Arpita Singh

Memory Jars
September 4 - November 1, 2003
New York

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August 2003 New York - Bose Pacia Gallery presents Memory Jars, a solo exhibition of new work by Arpita Singh from September 4 through November 1, 2003. The gallery is located at 508 West 26th Street on the 11th Floor, in the Chelsea district of New York City. Gallery hours are Tuesday through Saturday from 12 to 6 pm and by appointment. There will be an opening reception on Thursday, September 4th from 6 to 8pm. The public is invited.

The title Memory Jars is apt in its poetic coupling of incongruous terms for the work of Arpita Singh often seems defined by incongruity – common objects and mark-making traditions are assembled in unexpected combinations yielding delight and unease simultaneously. Singh exploits the novelty of her compositions to celebrate the intimacies of family life while exposing the distress and trauma that often dwell beneath the benign facade of the domestic interior.

At first glance, each work seems to be an exercise in pure exuberance. In her oil paintings as well as her smaller watercolors, one finds teapots and eggplants and airplanes and blossoms holding court like ceremonial talismans as letters and numbers dance within the margins. These disparate elements are rendered in a brilliant candy-colored palette and bring to mind memories of picture books from primary school. Yet the human figures that inhabit these fantastic spaces are worlds apart from childhood. With somber countenances, sagging folds of flesh and furrowed brows, they are mature adults who wrestle with the looming threats of aging, illness, and abandonment. As we stand witness to their private burdens - a cowering nude body showered with knives, a woman peering out from beneath a veil to reveal her organs twisted like knotted roots, a middle-aged man wearing a crumpled shirt in an external revelation of internal anxiety – the myth of the domestic sphere as a safe haven begins to unravel.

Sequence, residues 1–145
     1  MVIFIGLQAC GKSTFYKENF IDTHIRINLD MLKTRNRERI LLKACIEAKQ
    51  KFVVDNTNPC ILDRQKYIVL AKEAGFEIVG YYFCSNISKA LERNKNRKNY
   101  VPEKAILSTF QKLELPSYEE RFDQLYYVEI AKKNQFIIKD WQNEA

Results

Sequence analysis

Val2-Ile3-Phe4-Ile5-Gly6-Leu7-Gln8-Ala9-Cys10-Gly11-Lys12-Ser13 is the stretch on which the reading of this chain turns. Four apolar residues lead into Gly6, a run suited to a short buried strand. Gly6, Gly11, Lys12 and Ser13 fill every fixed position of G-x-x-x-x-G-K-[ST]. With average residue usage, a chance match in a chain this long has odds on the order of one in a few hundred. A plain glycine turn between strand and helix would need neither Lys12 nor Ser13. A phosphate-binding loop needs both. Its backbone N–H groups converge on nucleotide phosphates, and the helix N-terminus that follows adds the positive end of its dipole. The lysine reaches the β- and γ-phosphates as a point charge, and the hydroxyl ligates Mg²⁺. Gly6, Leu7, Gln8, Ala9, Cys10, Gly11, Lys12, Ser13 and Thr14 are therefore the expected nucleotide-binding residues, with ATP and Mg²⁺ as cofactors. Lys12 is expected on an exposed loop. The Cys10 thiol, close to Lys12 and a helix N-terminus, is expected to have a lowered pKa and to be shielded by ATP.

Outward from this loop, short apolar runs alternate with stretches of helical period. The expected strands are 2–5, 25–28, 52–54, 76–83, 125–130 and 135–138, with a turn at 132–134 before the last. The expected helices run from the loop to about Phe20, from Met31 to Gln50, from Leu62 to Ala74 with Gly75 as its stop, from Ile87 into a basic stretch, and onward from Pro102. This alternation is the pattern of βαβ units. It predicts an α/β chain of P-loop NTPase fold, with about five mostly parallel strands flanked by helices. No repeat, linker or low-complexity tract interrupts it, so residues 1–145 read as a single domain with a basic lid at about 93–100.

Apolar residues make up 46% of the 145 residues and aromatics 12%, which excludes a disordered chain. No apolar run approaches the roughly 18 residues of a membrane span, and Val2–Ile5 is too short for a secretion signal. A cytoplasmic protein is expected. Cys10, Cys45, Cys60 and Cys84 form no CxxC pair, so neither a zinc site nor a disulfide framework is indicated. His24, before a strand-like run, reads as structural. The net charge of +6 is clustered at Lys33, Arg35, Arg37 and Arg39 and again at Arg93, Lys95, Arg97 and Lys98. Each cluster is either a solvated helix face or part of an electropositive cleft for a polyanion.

In negotiating a balance between the joys and perils that complicate daily life, Singh always manages to retain her sense of humor. When confronted with the prospect of growing elderly, one woman dons a hot pink brassiere and little else while another flashes the viewer a bit of leg as she sits opposite her husband at the breakfast table – each refusing to relinquish hold of a waning sexuality. Aesthetics also serve to mitigate the solemnity of her works by adding levity and sheer beauty to each composition. The rich surface textures, intense saturation of color, flattened perspective and decorative motifs combine to imbue each painting with warmth and engaging optimism. Through Memory Jars, Arpita Singh invites us to share in her luminous vision of the world and embrace hope and fear as strange, but enduring bedfellows.

Born in Bengal in 1937, Arpita Singh studied at the School of Art, Delhi Polytechnic. She held her first solo exhibition in 1972 in New Delhi and since then has exhibited extensively throughout India as well as in London (1982, Royal Academy of Arts), Paris (1986, Centre Georges Pompidou), Geneva (1987, Halles de L'lle), Havana (1987, Biennial) and here in New York (1996, Asia Society). Her work is held in numerous public and private collections around the world including The Victoria and Albert Museum, London and The National Gallery of Modern Art, New Delhi. Arpita Singh currently lives and works in New Delhi. This is her second exhibition with Bose Pacia.